Even though we ARE Nikon lovers,we are NOT affiliated with Nikon Corp. in any way.

 As a Platinum or Gold member you can have your best work being showcased at Nikonians at high resolution to make it look great under an easy to remember Internet address with contact possibility.
 There is no limit to the number of images you can store in your portfolio, but we recommend that you include your very best work only. Your portfolio cover image is also included on the Nikonians homepage, gallery homepage and the portfolio index page.   >>> Learn how to set up your own portfolio

X

Sign up Login
Home Forums Articles Galleries Members Galleries Master Your Vision Galleries 5Contest Categories 5Winners Galleries 5ANPAT Galleries 5 The Winners Editor's Choice Portfolios Recent Photos Search Contest Info Help News Newsletter Join us Renew membership About us Retrieve password Contact us Contests Vouchers Wiki Apps THE NIKONIAN™ For the press Fundraising Search Help!
More5

How-to's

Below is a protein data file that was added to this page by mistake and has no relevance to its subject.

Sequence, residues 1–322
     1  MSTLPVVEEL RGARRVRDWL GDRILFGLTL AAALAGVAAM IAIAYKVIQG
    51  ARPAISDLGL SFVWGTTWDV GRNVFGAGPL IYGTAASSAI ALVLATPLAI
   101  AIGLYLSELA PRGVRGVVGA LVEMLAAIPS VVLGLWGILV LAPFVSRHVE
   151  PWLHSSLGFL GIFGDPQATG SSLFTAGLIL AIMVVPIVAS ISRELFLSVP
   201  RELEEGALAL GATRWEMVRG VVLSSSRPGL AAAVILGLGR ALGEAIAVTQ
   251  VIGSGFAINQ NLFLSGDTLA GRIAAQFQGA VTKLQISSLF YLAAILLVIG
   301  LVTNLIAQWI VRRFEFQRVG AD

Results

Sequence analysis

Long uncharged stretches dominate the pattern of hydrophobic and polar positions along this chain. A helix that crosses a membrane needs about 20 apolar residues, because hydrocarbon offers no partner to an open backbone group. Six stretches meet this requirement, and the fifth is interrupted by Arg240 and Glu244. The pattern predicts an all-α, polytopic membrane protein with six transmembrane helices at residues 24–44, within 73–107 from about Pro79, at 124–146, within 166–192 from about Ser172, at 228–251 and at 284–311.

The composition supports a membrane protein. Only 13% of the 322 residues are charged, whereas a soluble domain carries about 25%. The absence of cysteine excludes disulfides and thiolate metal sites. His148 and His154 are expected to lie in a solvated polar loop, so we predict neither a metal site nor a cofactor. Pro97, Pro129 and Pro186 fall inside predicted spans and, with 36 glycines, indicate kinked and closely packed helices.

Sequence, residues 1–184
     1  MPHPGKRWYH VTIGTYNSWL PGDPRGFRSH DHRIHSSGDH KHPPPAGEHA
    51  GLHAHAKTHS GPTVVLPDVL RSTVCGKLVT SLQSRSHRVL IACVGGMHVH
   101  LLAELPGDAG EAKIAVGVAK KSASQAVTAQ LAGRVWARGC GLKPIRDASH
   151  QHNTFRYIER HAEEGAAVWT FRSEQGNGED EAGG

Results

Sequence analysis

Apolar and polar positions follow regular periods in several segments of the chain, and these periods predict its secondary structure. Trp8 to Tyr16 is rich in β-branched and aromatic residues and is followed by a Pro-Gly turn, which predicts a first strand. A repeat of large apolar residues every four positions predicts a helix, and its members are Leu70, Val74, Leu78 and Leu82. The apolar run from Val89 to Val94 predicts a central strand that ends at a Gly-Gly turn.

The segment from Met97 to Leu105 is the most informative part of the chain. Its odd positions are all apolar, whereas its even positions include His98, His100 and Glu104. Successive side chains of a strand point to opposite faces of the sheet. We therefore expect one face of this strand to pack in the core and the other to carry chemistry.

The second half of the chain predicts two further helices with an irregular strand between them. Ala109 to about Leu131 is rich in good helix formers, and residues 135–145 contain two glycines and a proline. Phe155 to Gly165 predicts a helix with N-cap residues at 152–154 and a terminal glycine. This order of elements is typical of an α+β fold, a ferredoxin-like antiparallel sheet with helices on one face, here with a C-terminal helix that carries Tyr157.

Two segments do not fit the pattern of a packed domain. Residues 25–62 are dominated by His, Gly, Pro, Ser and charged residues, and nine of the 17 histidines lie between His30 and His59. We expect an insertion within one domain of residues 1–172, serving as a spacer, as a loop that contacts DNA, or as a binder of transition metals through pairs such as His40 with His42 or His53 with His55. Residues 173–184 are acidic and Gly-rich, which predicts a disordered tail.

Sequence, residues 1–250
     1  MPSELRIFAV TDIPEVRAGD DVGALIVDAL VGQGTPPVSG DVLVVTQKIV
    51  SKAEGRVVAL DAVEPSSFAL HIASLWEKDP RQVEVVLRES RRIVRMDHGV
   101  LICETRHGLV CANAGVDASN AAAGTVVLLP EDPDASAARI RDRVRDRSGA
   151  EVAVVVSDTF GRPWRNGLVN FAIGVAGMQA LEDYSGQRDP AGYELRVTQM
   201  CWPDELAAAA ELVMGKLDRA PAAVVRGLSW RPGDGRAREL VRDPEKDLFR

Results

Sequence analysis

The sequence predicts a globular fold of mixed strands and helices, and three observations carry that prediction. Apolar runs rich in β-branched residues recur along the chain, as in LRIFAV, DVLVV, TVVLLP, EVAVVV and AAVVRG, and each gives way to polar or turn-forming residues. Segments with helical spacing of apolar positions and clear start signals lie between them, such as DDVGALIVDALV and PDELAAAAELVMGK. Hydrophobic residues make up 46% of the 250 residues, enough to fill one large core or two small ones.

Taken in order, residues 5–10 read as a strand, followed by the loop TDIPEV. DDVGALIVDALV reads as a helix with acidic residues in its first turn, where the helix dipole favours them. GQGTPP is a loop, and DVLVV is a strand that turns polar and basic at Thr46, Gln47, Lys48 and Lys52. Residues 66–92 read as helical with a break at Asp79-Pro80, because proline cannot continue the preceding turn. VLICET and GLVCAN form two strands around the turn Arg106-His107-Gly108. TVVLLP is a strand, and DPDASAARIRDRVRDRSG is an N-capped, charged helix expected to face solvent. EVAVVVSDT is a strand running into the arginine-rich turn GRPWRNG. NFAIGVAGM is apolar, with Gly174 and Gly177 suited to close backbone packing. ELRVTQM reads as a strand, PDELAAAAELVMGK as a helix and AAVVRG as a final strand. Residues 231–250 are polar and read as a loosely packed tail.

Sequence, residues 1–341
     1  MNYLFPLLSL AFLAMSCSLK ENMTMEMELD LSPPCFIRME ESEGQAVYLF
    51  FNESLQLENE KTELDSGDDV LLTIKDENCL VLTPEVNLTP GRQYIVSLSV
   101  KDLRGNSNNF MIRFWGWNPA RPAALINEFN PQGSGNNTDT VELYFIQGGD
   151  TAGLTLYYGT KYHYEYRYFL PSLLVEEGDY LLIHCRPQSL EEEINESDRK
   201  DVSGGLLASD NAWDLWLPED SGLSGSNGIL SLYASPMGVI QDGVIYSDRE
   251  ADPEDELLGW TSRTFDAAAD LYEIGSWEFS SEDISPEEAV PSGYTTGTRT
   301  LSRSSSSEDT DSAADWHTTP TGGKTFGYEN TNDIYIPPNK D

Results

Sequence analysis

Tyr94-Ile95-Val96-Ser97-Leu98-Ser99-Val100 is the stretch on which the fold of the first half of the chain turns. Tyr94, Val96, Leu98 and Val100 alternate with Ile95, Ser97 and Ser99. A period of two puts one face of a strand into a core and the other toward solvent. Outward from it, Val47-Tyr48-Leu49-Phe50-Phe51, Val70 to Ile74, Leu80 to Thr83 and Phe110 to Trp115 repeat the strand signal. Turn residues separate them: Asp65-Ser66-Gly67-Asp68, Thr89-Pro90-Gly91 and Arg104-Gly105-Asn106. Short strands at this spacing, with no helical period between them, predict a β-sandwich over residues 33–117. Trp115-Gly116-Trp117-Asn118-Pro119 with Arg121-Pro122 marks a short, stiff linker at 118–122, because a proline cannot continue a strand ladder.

Digital Infrared Photography – A Brief Introduction

Dan Wiedbrauk (domer2760)


Keywords: infrared, filter, digital, camera, conversion, photography, lenses, nikkor, nikon, wratten, hoya, heliopan, lifepixel

Infrared or ‘IR’ photography is a small but growing photographic niche that allows photographers of all abilities and budgets to expand their skills, augment their artistic vision, and create unexpected and exciting images that cannot be captured in other ways.  For the landscape photographer, IR photographs capture surreal images hallmarked by white foliage and dark skies – images that are at once familiar and unfamiliar.  With a few manipulations, the sky can be blue and the foliage can be golden, lavender, or red.  Black and white IR landscapes are striking even when the trees are bare. 

image_01

Backyard
Nikon D90 IR-converted (850nm Deep Infrared conversion)
20mm f/2.8 AF-D Nikkor, f/5.6, 1/200 sec, +1 EV, ISO 200
Click for a larger image.

 

To read the rest of the article, please log in. This article is available to all Silver, Gold and Platinum Nikonians members. If you are not registered yet, please do so. To discover the world of Nikonians and the advantages of being a registered member, take our short discovery tour.

More articles by Dan Wiedbrauk

More... More...

9 comments

Dr. Patrick Buick (profpb) on November 8, 2015